Accompaniment: Unfolding Paths as a Work of Art
Co-participation, Artistic Processes as Alternative Models of Sociality
It is during the collaborations when artistic-curatorial practice faces a more radical challenge within the neighborhood environment and the inSite/Casa Gallina project itself. It includes the invitation to artists to immerse themselves in the neighborhood and unleash a two-way process with neighbors in a creative collaboration that lasts between one and three years, with curators accompanying that process.
What we recognize as co-participation is setting up of a collective knowledge experience of—a condition capable of managing itself as a social organ—and experienced as the implementation of a flow. The process in itself is articulated as the proliferation of a community-based situation, insofar as it is the metamorphosis of a node of social energy, activated by the group’s self-revelation. Curatorial accompaniment implies inducing a tacit model of a heuristic: a creative predisposition to the production of a situation of empathy. And whose presence, as the dense encryption of a human flow is [continually becomes transparent as] “the piece.”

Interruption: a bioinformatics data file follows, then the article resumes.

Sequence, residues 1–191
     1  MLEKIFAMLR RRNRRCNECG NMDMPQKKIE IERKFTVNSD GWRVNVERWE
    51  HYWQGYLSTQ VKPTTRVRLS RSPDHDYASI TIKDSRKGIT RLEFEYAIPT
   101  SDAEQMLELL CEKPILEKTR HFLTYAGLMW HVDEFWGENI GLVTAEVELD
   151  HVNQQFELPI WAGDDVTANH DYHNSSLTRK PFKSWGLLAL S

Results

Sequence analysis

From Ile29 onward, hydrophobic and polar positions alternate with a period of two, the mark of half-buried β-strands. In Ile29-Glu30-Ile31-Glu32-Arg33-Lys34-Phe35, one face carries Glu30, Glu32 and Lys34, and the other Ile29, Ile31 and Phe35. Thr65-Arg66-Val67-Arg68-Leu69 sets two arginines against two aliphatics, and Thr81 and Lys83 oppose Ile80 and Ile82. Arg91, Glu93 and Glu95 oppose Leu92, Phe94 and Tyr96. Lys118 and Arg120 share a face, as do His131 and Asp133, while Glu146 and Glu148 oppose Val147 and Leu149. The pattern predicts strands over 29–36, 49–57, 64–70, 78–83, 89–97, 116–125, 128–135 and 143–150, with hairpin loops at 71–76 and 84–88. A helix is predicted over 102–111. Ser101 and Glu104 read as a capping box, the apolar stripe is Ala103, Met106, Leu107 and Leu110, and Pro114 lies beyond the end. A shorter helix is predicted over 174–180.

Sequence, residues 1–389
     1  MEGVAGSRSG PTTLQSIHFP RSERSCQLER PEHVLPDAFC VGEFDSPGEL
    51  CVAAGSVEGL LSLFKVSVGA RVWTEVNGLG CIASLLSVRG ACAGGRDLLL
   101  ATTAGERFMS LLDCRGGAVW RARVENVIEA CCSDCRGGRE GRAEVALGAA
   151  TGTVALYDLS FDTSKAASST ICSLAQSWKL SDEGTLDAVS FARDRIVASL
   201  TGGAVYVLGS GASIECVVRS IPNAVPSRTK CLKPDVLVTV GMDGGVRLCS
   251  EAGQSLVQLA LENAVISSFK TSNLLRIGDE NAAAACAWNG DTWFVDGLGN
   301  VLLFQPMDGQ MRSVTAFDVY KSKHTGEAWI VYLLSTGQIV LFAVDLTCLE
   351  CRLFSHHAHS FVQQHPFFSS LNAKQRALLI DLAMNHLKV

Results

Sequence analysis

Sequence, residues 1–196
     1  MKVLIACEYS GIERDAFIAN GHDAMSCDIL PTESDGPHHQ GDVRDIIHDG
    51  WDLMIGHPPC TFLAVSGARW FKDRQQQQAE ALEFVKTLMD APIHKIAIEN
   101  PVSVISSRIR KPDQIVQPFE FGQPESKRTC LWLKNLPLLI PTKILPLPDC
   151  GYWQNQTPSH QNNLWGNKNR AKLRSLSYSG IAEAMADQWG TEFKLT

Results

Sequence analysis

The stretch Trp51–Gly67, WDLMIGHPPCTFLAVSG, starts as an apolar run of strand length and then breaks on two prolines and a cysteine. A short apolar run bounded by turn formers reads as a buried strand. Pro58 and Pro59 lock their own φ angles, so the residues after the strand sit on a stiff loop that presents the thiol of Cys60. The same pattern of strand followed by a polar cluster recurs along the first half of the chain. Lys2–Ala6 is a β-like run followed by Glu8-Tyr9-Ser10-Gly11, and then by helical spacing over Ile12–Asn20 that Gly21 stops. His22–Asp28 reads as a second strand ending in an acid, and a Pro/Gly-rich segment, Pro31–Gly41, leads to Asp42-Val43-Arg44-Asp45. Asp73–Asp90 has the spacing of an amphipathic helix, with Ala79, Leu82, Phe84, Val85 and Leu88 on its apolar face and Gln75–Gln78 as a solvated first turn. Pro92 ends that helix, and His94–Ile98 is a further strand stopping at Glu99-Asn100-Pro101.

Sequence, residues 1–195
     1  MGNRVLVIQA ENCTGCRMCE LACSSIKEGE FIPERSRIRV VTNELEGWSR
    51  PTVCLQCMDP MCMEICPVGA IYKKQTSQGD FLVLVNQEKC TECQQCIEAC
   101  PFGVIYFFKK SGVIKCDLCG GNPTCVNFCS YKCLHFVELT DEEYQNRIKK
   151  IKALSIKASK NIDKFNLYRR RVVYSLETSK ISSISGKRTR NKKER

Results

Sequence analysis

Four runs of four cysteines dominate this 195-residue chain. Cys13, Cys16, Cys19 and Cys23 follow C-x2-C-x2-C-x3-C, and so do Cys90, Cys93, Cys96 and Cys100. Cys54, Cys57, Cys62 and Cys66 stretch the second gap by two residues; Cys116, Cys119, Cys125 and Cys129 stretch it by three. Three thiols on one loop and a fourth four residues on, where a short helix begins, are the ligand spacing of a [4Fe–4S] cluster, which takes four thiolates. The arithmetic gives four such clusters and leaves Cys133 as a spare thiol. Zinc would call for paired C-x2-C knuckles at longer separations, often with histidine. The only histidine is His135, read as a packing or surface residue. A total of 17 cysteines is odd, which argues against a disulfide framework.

Thus, these processes of collaborative art and social engagement require the subtle leadership of someone (an artist) capable of instigating a group situation of vulnerable permanence, whose traces of outsiderness would point to the creation of a—non-institutionalized—community belonging; capable of becoming the visualization of a face-to-face model of sociality in which we can recognize “the piece” as the result of a network of affections.
The gradual construction of meaning, inherent in artistic discourse—and whose resultant structure is legitimized as an autonomous language—entails, in the development of the co-participation, the filtering of another construction of (existential) meaning in the experience of its participants. And that other construction of meaning, that is non-artistic, is experienced as an empathetic catharsis, of a binding consciousness, underlying the group development of the collaboration. In each person, the collaborative process produces a spiritual revelation, of psychological and ethical re-focusing, within the community experience. The verification of a still possible other-self—not constrained or designed by the dispositions of capital—but now re-seen, empowered, and sheltered in the heart of the group, could perhaps be the clearest characteristic of social “commitment.” The resulting pieces, evolve, after inSite/Casa Gallina, in the art world, to then function as avatars of that extraordinary experience in sociality.